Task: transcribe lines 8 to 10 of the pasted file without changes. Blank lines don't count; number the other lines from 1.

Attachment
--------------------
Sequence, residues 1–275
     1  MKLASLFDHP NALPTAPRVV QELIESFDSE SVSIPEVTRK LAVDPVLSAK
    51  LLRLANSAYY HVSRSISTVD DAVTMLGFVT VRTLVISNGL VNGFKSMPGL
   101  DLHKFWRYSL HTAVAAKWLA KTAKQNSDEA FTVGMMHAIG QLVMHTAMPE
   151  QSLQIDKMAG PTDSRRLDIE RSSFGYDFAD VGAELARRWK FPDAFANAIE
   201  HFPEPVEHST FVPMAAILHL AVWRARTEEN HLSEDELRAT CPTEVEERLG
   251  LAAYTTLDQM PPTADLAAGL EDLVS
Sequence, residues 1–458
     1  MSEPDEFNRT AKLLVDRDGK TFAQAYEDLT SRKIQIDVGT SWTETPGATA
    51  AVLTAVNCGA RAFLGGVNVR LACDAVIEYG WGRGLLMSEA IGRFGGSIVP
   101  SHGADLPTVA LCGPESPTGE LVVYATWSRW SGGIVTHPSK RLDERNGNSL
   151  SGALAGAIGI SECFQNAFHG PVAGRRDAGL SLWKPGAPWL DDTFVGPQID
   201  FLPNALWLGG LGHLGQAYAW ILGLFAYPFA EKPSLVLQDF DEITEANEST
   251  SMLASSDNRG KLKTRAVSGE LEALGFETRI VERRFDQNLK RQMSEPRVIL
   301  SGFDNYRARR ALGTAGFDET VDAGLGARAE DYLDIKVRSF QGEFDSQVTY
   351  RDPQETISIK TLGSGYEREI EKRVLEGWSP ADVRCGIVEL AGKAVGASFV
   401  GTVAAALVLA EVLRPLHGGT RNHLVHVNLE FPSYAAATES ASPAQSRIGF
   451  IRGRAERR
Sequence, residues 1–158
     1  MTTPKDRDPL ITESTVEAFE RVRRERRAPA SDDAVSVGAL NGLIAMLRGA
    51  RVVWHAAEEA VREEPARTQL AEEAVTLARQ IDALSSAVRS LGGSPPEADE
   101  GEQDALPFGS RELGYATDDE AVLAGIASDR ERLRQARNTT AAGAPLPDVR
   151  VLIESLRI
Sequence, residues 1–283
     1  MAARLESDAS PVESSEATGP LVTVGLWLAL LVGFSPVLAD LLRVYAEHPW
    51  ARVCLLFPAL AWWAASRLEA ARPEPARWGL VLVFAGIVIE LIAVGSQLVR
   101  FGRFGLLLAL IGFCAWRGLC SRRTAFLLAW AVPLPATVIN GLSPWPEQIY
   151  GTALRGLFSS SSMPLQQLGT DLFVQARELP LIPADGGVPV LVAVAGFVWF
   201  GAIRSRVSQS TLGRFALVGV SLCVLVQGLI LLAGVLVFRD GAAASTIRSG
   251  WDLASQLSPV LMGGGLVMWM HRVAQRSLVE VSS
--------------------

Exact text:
Sequence, residues 1–458
     1  MSEPDEFNRT AKLLVDRDGK TFAQAYEDLT SRKIQIDVGT SWTETPGATA
    51  AVLTAVNCGA RAFLGGVNVR LACDAVIEYG WGRGLLMSEA IGRFGGSIVP